Head of San Antonio-based Texas Biomed's primate lab admits to faking research data

Federal regulators found that the researcher faked data 10 separate times in work involving non-human primates.

click to enlarge San Antonio-based Texas Biomedical Research Institute has repeatedly drawn the ire of animal rights groups for its experiments on primates. - Instagram / @nutrixorge
Instagram / @nutrixorge
San Antonio-based Texas Biomedical Research Institute has repeatedly drawn the ire of animal rights groups for its experiments on primates.
The director of San Antonio-based Texas Biomedical Research Institute's primate research center has admitted to falsifying data in a now-retracted research paper and two federal grant applications, according to U.S. government officials.

In a statement released Wednesday, the U.S. Department of Health and Human Services’ Office of Research Integrity (ORI) said it found that Deepak Kaushal, the director of Texas Biomed's Southwest National Primate Research Center, faked data 10 separate times for the same article on tuberculosis research involving non-human primates.

ORI accused Kaushal of "intentionally, knowingly, and/or recklessly falsifying and fabricating the experimental methodology," including misrepresenting the numbers of treated and untreated non-human primates used in his research. A study based on that work appeared in the American Journal of Respiratory and Critical Care Medicine in 2020, and it was retracted the following year, according to the feds.

Deepak Kaushal - Courtesy Photo / Texas Biomedical Research Institute
Courtesy Photo / Texas Biomedical Research Institute
Deepak Kaushal
Under a voluntary settlement with ORI, Kaushal agreed to one year of supervision for federally funded research. However, he will remain as director of Texas Biomed's $40 million primate facility, which is funded by the National Institutes of Health.

In a statement supplied to the Current, Texas Biomed officials said they have "imposed ramifications on the researcher." Those includes a review of all study data he produces in the next year as he seeks grant funding or publication in peer-reviewed journals.

They also said the alleged fabrications occurred at another institution and that the animals used in the research weren't under Texas Biomed's care.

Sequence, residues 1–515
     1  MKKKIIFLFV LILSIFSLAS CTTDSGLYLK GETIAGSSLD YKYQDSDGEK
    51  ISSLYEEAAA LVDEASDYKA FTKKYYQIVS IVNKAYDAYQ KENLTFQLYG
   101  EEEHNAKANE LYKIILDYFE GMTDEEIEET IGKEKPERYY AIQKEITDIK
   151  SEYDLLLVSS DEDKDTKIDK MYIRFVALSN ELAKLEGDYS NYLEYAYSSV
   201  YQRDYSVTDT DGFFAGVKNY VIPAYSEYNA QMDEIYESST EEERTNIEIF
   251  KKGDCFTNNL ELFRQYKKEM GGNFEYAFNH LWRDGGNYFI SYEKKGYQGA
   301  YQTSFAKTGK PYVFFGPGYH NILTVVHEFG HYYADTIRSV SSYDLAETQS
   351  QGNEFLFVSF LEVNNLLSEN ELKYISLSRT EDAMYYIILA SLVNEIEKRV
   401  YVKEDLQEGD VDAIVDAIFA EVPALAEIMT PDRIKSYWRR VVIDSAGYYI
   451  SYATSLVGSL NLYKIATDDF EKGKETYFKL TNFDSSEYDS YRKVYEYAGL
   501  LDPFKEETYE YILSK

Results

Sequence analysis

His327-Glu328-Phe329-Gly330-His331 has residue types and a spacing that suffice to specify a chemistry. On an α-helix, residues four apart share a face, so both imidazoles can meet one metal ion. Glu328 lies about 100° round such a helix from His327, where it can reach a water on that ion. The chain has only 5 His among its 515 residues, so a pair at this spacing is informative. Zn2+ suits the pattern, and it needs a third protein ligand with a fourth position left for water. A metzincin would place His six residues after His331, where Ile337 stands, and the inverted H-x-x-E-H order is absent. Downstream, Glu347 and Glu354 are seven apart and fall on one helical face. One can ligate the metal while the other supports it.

Further, Texas Biomed plans to provide refresher training to all of its scientific staff on research integrity, according to the statement.

"It is important to note that corrective action was taken by Dr. Kaushal, including a repeat of the study with correct study design," Texas Biomed officials also said. "The scientist has not received a research misconduct finding before and all data from studies carried out at Texas Biomed has been reviewed and found to be accurate."

In an emailed statement, People for the Ethical Treatment of Animals (PETA) called for Kaushal's removal as director of the Southwest National Primate Research Center, adding that OSI's findings also should bar him from receiving publicly funded grants.

"He has betrayed the government, the scientific community and taxpayers by falsifying and fabricating information on his grant application and in published work — all while he was infecting monkeys with tuberculosis and simian immunodeficiency virus," PETA Senior Vice President Kathy Guillermo said.

The OSI settlement agreement is the latest black eye for Texas Biomed, which drew fire from animal-rights groups last year after it told federal regulators that nearly 160 baboons in its captivity suffered amputations from frostbite during Winter Storm Uri.

Over the past decade, the U.S. Department of Agriculture has required Texas Biomed to alter its care policies several times after deaths of primates in its care. In 2012, the USDA slapped it with a nearly $26,000 fine for three violations of the Animal Welfare Act, the Express-News reports.

Editor's note: This story was altered to reflect that the animals involved in the research questioned by federal regulators were not under Texas Biomed's care.

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Sanford Nowlin

Sanford Nowlin is editor-in-chief of the San Antonio Current.

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